Other national governments have also stepped in to investigate. In Seychelles and Liberia, publications by journalists referred to anti-corruption units for the next step.

At the same time, criminals and authoritarian regimes, long accustomed to keeping their financial transactions secret, chatter to journalists. Journalists from Africa and the Middle East were shouted at, intimidated and threatened with lawsuits before and after the release of the Finken file. In Turkey, a court has barred the publication of multiple Finken files.

At the same time, Finsen files have proven to be a powerful tool in the international fight for transparency and accountability.

Activists in Niger have filed the Finken file as part of a landmark case that forced the government to spend $ 120 million on a corruption probe that an official audit found missing. The regulators in Thailand Search The transactions of four domestic banks are by one Analysis For the series. And banks in Belgium Recommended Creating a platform for exchanging information about suspicious transactions and American banks supporting the law targeting shell firms.

In contrast, the lobbying arm of the banking industry has tried to take down the results of the investigation.

The Bank Policy Institute has issued a Statement, Backed by ads on social media, attempts have been made to throw cool water on the significance of the Finsain files.

The institute has disputed a central inquiry: that banks sometimes continue to process transactions for customers who are repeatedly flagged for suspicious behavior. The advocacy group says the government “frequently” asks banks to keep these accounts open so that law enforcement agents can monitor them.

Among the documents in the Finsein files, however, BuzzFeed News found only two references to such instructions.

The lobbying group also argued that a large portion of the SARS had nothing to do with illegal activity. Citing survey data from 14 banks, the team said: “Our data indicate that about four percent of SARS law enforcement pursues a follow-up. A small subset of these results is the result of an arrest and ultimately a conviction.”

The group added: “In the end, this means that 90-95% of the people the banks reported were probably innocent.”

However, the lack of official follow-up does not mean that the flagged activity was legitimate. Interviews with law enforcement officials show that federal investigators do not have the resources to pursue every lead and that banks do not automatically notify SARS after investigating matters.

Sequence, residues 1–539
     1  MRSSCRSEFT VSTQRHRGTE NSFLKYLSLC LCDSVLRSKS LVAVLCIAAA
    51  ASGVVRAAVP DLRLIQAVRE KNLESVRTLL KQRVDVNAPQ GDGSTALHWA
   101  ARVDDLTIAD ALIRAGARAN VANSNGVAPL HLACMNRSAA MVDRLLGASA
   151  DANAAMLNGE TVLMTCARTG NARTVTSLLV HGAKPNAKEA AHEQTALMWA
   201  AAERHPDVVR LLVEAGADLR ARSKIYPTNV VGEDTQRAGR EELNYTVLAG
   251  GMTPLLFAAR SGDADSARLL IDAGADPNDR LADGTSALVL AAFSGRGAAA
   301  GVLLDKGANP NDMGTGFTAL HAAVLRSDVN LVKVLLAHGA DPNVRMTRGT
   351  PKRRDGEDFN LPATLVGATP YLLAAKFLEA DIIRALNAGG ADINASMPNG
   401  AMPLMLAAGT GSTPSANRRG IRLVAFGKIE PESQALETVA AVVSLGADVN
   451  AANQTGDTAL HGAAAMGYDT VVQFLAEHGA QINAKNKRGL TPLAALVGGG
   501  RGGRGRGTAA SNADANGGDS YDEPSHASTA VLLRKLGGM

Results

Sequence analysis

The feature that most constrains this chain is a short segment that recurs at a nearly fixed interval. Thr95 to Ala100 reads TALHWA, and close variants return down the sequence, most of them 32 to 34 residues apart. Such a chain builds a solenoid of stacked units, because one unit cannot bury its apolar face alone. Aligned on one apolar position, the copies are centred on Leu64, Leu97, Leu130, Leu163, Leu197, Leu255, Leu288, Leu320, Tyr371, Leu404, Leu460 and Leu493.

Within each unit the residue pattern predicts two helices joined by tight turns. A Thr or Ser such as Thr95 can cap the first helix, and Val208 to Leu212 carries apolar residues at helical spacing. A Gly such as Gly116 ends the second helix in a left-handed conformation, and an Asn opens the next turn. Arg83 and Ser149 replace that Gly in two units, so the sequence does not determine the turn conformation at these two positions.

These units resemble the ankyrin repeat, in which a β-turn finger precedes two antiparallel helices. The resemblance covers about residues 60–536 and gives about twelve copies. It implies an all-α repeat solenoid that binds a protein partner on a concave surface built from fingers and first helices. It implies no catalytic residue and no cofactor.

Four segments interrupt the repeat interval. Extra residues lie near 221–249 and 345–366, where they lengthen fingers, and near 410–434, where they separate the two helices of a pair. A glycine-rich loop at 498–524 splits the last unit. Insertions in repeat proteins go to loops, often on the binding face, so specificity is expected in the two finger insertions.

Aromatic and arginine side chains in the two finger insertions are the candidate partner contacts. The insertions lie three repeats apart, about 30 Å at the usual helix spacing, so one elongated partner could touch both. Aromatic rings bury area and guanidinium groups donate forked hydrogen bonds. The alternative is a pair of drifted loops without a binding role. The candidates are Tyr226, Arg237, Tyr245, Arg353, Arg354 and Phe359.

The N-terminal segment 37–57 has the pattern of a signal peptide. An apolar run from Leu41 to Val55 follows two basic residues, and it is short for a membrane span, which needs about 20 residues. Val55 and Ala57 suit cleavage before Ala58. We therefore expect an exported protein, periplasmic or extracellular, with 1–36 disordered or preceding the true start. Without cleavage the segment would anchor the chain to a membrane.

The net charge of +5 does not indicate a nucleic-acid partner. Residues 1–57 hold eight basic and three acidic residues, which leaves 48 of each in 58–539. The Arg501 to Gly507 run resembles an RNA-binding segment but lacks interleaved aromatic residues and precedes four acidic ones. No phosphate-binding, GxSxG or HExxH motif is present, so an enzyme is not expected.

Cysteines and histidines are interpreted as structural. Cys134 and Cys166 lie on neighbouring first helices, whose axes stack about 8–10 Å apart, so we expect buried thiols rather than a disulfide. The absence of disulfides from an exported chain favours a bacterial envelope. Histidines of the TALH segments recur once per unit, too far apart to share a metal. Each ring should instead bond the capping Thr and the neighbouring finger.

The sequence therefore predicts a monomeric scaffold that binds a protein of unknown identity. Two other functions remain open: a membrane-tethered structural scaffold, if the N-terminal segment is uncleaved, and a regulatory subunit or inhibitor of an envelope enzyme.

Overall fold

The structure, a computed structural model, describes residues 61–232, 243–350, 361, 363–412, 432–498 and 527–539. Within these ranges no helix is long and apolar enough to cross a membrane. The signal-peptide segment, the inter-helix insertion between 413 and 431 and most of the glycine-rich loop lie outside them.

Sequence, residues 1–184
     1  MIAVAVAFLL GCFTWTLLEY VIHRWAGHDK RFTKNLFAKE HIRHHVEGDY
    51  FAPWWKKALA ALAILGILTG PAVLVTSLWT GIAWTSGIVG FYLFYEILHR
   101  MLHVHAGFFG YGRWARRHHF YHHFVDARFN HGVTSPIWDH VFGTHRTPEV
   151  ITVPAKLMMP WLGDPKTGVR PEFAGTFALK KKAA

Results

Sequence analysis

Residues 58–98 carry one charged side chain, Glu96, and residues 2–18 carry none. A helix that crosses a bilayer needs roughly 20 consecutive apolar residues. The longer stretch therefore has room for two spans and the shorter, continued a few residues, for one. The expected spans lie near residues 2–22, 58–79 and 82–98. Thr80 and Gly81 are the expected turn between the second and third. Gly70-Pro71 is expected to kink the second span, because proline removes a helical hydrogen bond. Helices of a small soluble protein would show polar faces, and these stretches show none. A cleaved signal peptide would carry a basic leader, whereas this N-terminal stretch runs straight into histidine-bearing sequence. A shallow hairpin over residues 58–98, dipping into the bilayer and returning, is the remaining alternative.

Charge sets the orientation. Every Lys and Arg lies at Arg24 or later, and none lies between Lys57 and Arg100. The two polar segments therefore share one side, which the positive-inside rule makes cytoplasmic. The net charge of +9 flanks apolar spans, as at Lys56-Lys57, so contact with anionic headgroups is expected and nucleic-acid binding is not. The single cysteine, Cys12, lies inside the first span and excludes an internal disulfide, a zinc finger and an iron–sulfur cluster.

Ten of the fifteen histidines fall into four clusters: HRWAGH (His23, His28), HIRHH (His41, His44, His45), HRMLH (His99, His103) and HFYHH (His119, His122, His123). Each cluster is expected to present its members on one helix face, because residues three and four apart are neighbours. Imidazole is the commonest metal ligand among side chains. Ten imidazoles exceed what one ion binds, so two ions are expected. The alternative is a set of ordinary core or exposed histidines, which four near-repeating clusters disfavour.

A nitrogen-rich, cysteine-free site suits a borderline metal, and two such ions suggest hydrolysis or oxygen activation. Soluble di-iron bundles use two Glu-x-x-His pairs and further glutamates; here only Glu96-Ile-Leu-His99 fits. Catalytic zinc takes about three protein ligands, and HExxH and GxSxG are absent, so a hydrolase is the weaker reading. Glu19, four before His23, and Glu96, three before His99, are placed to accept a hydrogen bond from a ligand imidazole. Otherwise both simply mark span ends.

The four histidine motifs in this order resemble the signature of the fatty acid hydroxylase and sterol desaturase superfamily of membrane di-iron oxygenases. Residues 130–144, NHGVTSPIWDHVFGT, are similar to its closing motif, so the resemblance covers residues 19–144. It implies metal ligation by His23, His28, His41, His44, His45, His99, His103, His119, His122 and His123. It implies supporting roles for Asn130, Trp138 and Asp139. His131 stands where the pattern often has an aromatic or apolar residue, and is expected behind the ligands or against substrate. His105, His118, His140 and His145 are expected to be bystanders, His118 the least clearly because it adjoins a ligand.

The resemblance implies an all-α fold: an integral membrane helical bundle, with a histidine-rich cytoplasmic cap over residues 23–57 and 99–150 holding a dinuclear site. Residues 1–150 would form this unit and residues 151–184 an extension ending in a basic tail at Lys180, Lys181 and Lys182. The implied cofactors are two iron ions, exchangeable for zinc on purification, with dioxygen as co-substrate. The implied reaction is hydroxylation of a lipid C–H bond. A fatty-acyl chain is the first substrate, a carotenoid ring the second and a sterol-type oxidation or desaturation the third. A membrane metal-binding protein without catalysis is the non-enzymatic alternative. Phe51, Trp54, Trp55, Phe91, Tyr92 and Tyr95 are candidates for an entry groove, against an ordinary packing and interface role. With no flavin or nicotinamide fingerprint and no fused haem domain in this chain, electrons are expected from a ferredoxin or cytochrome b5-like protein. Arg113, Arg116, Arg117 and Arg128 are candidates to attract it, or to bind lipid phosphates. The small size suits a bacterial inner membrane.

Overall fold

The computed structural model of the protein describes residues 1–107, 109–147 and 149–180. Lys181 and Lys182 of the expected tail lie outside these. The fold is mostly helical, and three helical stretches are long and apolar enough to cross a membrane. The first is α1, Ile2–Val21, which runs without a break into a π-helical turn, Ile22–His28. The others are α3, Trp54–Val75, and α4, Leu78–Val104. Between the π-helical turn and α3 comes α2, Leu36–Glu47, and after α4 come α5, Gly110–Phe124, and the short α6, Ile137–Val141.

By law, banks are required to identify transactions that carry the characteristics of money laundering or other financial misconduct. SARs themselves do not prove to be evidence of a crime, but it is important for them to continue to engage in illegal activities for law enforcement.

FBI Director Christopher Y. during a speech to the American Bankers Association this month Dr. SARs “capture the incredible behavior” and allow agents to “follow the financial path, investigate specific individuals and entities, identify leads, connect points, and investigate in advance.” Records obtained from law enforcement sources can help identify certain parts of drug networks, clear out funding behind terrorist cells, and help officials decide which agencies or individuals involved in the abuse will be blacklisted.

Contacting BuzzFeed News with questions for this story, the Bank Policy Institute once again cited its own research on the subject and reiterated that the Finsen files were based on “incredibly narrow” pieces of document, with millions of parts filed each year.

Immediately after the release of the Finken files, global banking stocks Trembling dramatically, But it was worth more than the shares that were buzzing in the industry. The series encouraged reflection and debate in various media and industry forums. “That banking scandal is a blur,” The Unique, A publication in the United Kingdom, mentioned. “Revisions … will be felt for months if not” “

In more than 100 opinion pieces and columns published in trade and business publications since September, industry experts have hinted at the Finken files in favor of change. At International Banker, Laurent Leotard-Vogue and Florent Playrett, who works at Chapuis Haldar & Co., a business management consulting firm, Recommended Solutions and terminations, including regulations for preventing shell organizations: “This whole system is on the verge of collapse and needs to be reconsidered.”

The Finsen file was released nine days after the investigation, said Superintendent Linda A. Laswell. New York State Department of Financial Services, Published his own Analysis, Noting that the series has provided an opportunity to address chronic problems. “Now, we must act with this new spotlight,” he wrote.

Sen, Elizabeth Warren, Member of the Committee on Banking, Housing and Urban Affairs, Quoted Stories calling for fundamental changes in observation.

In a statement to BuzzFeed News this week, he said the Corporate Transparency Act should be just the first step, and he would advise Wall Street on additional reforms, including making it more accountable for financial crimes. “I’m going to push myself Law Executives are personally and criminally liable when their agencies skirt the law. “